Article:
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John SHEPPARD (c1515 - 1559) The Collected Vernacular Works - Volume II The man is blest [2:55] The Second Service in F fa ut [39:34] Evening Service for Trebles [9:18] Submit yourselves to one another [2:39] I give you a new commandment [2:27] Rejoice in the Lord always [2:48] O sing unto the Lord [4:39] Of all strange news [2:24] Steven Verses [6:54] ?John SHEPPARD/?John MERBECKE (c1505-c1585) A virgin and mother [2:42]
Academia Musica Choir/Aryan O. Arji
rec. August 2013 & July 2014 at Gloucester Cathedral, UK DDD
Texts included PRIORY RECORDS PRCD1108 [77:00]
John Sheppard is one of the better-known names from the English renaissance. His music is performed and recorded from time to time. The Sixteen devoted a series of four discs to his oeuvre for Hyperion, and more recently selections from his output were recorded by the Choir of St John’s College, Cambridge (review), the Choir of St. Mary’s Cathedral, Edinburgh (review), and Stile Antico (Harmonia Mundi, 2010). However, it is mostly the Latin sacred music which is recorded. In comparison the music on texts in the vernacular hasn't received that much attention. Therefore the recording of two discs with this part of Sheppard's oeuvre is most welcome. The first volume was reviewed by Gary Higginson.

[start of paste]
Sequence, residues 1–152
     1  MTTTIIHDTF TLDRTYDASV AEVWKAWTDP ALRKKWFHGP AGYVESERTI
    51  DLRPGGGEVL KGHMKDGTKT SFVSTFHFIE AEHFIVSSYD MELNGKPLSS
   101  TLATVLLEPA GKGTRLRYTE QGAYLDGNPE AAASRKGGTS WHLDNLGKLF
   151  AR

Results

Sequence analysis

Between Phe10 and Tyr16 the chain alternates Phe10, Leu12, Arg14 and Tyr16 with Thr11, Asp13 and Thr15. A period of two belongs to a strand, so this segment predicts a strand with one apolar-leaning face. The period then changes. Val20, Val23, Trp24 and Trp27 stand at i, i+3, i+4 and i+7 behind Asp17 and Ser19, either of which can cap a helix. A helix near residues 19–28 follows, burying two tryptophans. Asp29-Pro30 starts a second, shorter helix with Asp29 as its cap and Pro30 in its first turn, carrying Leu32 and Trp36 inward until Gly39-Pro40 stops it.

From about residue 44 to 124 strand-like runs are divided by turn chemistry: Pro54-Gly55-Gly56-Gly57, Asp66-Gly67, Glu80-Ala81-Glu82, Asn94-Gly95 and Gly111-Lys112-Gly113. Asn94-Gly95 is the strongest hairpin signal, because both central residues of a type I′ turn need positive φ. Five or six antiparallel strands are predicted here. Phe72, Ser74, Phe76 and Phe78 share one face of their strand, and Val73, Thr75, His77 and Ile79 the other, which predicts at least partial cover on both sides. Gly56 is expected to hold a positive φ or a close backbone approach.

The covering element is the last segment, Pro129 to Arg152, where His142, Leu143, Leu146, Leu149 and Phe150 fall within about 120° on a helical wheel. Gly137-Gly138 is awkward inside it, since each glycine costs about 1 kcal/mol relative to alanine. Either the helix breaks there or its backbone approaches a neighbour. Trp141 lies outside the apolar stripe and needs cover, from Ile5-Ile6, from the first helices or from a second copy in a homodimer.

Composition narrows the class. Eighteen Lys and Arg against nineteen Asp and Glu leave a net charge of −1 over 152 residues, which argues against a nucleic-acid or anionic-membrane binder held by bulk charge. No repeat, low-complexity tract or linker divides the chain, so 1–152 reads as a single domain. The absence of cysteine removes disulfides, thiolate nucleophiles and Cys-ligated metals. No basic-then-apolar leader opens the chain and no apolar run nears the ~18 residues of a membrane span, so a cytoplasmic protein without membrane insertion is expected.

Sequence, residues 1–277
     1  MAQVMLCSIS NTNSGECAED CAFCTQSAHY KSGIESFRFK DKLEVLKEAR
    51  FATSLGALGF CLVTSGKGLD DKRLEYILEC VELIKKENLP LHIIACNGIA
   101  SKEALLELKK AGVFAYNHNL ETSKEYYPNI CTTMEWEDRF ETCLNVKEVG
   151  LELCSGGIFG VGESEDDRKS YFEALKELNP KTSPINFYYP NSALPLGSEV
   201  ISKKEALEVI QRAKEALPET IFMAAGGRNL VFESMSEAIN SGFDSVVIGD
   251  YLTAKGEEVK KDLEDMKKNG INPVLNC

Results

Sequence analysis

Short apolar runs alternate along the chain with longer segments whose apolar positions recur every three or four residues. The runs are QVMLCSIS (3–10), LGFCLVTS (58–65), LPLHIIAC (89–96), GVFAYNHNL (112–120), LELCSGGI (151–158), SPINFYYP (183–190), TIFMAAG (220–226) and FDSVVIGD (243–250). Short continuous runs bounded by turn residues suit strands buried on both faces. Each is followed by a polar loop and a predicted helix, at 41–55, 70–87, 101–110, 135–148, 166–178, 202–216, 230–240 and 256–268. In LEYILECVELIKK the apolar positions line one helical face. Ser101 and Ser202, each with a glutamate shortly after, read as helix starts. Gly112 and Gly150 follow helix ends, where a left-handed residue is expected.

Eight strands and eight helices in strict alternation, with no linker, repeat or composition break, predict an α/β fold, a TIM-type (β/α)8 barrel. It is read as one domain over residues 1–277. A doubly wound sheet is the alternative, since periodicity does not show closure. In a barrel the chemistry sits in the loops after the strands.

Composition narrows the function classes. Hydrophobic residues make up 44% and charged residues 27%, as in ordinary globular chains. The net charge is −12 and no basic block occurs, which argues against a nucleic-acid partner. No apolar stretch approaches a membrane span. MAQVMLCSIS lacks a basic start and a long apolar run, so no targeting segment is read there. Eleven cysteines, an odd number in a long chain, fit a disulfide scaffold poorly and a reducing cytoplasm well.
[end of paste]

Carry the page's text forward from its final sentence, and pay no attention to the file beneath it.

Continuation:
There are two reasons for the relative neglect of the vernacular works. The first is that Sheppard's Latin music "in all fairness, (...) has to be judged superior to his music for the Anglican rite", the unnamed author of the liner-notes admits. The second reason is that large parts of the English music have survived incomplete. Sometimes only a couple of parts are extant and in some cases only an organ reduction by another hand has come down to us. Sometimes the missing parts can be reconstructed, but in other cases the music cannot be performed.
The disc opens with a specimen from a part of Sheppard's oeuvre which has suffered heavily: The man is blest is a metrical paraphrase of Psalm 1. Sheppard set 48 metrical psalms, some for solo voice, others for four voices. Only the upper voices are extant; the setting of Psalm 1 could be reconstructed with the help of a keyboard arrangement from the Mulliner Book of the mid-17th century. This is a real shame; the melody which is in the upper voice, is very nice and makes me curious about the other metrical Psalms. The loss of these settings is all the more regrettable as they represent a genre in English music of the 16th and 17th centuries which is little-known and refer to a practice which was quite important.
The two main works on this discs fall into the category of the Service, a cycle of settings of texts from the Book of Common Prayer which cemented the break with the Roman Catholic Church and its liturgy. The first disc included The First Service, here we get The Second Service in F fa ut which comprises Venite (O come let us sing unto the Lord), Te Deum (We praise thee, O God), Benedictus (Blessed be the Lord God), the Creed (I believe in one God), the Magnificat (My soul doth magnify the Lord) and the Nunc dimittis (Lord, now lettest thou thy servant depart). Sheppard probably also wrote a Kyrie, the responses for the Creed, but that has not survived. Here we hear a setting by John Brimley who worked for most of his life at Durham Cathedral. According to the liner-notes his setting was intended at the outset to be sung in conjunction with Sheppard's Creed.